of food and Absolut vodka helping us forget all about it.

Of course, the festival isn’t without its glitches. As the LAIFF
continues to expand its line up, it needs to keep this mind: ALL films
should screen twice. And, as hard as they try, screenings NEVER start
on time. Not a huge problem, except for the people who are holding
tickets to another film in another theater. What looks like
a perfectly reasonable schedule on paper may leave you racing out of one
film early, charging over to the next theater, and being turned away at
the door for showing up late.

To wrap it all up, let’s take a moment to reflect on one of the most
colorful characters inhabiting the LAIFF. Thomas Harris, the
programming director, is an effusive, highly entertaining presence at
nearly every screening. His affection and enthusiasm is positively
infectious; it’s almost enough to make Los Angeles seem quite unlike the
jaded, often cynical place it can be. It’s exactly the kind of attitude
that will continue to push the festival forward — not to mention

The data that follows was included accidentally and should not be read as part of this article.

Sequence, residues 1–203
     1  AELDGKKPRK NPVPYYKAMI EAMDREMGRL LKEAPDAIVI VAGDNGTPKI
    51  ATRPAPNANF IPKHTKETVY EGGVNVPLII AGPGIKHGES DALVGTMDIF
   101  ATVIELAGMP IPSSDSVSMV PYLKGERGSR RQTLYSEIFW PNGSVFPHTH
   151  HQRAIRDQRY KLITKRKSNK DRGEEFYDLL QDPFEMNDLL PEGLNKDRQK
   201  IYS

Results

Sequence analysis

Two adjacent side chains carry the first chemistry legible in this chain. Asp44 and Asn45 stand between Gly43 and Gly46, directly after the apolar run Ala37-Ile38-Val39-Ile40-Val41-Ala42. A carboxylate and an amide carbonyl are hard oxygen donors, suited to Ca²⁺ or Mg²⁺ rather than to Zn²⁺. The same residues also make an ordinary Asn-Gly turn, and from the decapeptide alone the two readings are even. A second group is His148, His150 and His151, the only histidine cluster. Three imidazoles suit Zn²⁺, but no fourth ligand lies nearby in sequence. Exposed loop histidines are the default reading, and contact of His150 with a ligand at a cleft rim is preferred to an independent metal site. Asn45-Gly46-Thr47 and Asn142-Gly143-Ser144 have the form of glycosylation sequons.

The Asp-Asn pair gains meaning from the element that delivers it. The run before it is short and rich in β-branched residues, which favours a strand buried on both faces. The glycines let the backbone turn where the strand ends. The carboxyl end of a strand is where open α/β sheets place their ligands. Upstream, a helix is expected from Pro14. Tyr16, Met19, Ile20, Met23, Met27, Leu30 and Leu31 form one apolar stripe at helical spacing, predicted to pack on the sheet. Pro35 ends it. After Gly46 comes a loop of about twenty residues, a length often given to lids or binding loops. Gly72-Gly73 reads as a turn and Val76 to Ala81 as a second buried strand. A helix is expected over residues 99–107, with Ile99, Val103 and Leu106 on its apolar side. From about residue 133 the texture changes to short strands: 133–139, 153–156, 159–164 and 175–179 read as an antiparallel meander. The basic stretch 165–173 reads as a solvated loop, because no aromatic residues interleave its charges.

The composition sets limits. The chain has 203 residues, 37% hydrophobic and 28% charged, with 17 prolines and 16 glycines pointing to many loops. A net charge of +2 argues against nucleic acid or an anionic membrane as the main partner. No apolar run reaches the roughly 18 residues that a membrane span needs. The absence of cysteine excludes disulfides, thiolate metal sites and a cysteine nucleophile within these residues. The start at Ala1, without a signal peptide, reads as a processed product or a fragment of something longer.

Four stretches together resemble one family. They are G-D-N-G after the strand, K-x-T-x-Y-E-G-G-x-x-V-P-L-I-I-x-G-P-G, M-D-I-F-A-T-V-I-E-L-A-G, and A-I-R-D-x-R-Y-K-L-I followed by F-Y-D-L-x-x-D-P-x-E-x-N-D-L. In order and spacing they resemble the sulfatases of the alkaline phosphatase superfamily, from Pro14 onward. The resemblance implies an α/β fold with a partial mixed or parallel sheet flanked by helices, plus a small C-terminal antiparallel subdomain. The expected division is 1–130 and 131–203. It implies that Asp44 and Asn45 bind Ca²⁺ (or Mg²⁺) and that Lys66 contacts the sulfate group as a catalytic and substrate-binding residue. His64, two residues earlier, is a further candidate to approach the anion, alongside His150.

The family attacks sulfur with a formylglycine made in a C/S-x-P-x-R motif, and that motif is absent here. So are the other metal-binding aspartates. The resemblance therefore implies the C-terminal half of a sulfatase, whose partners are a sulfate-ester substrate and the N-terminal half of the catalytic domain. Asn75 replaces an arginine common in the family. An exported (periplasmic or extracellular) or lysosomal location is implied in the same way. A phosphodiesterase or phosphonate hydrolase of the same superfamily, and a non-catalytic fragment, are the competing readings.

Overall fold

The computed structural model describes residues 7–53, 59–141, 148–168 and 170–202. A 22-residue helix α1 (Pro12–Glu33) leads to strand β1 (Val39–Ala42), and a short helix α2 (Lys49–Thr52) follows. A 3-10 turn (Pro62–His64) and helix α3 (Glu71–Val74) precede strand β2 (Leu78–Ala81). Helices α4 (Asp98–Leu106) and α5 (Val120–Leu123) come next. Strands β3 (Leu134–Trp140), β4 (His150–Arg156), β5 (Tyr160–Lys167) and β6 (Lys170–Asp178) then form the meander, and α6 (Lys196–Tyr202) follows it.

inspire the real backbone of the independent films world: the audience.

indieWIRE Coverage of the 1999 Los Angeles Independent Film Festival:

(Apr 23, 1999) LAIFF Does Digital: The Revolution Continues…


(Apr 23, 1999) FESTIVAL REVIEWS: Stars Don’t Redeem “Settlement” and “Florentine”


(Apr 22, 1999) “Pop” Go the Docs: Non-Fiction Films Shine At LAIFF ’99


(Apr 22, 1999) FESTIVAL REVIEW: Hickenlooper’s “The Big Brass Ring” Glosses Over
Indie Politics


(Apr 21, 1999) FESTIVAL REVIEW: Dieckmann’s “A Good Baby,” Slow Thriller with a Tender Heart


(Apr 21, 1999) LAIFF INTERVIEW: The Powerful Rings of Rob Schmidt’s “Saturn” int_Schmidt_Rob_99LAIFF_990421.html>

(Apr 21, 1999) DAILY BRIEFS: Doc Takes Top LAIFF Award>

(Apr 20, 1999) Joanou’s “Entropy,” Love Lost Amid A Jet-Set Life


(Apr 16, 1999) LAIFF INTERVIEW: Swinging Verite, David Schisgall Enters “The